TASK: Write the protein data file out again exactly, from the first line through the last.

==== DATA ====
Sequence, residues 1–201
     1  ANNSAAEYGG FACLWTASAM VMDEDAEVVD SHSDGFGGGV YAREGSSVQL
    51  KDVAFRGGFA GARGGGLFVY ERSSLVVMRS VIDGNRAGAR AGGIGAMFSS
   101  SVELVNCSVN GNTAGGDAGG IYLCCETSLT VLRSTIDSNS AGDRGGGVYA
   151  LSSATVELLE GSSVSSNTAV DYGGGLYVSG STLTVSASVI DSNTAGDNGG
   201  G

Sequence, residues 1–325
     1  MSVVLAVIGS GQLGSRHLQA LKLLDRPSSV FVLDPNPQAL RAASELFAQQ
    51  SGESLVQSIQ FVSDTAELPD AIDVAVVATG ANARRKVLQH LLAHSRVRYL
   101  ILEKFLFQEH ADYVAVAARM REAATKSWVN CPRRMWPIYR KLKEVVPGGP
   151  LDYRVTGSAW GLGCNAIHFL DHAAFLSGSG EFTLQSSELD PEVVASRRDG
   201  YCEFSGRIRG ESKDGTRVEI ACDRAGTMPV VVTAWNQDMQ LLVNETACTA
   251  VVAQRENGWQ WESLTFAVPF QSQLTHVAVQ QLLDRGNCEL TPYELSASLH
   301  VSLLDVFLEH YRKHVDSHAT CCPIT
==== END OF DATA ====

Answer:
Sequence, residues 1–201
     1  ANNSAAEYGG FACLWTASAM VMDEDAEVVD SHSDGFGGGV YAREGSSVQL
    51  KDVAFRGGFA GARGGGLFVY ERSSLVVMRS VIDGNRAGAR AGGIGAMFSS
   101  SVELVNCSVN GNTAGGDAGG IYLCCETSLT VLRSTIDSNS AGDRGGGVYA
   151  LSSATVELLE GSSVSSNTAV DYGGGLYVSG STLTVSASVI DSNTAGDNGG
   201  G

Sequence, residues 1–325
     1  MSVVLAVIGS GQLGSRHLQA LKLLDRPSSV FVLDPNPQAL RAASELFAQQ
    51  SGESLVQSIQ FVSDTAELPD AIDVAVVATG ANARRKVLQH LLAHSRVRYL
   101  ILEKFLFQEH ADYVAVAARM REAATKSWVN CPRRMWPIYR KLKEVVPGGP
   151  LDYRVTGSAW GLGCNAIHFL DHAAFLSGSG EFTLQSSELD PEVVASRRDG
   201  YCEFSGRIRG ESKDGTRVEI ACDRAGTMPV VVTAWNQDMQ LLVNETACTA
   251  VVAQRENGWQ WESLTFAVPF QSQLTHVAVQ QLLDRGNCEL TPYELSASLH
   301  VSLLDVFLEH YRKHVDSHAT CCPIT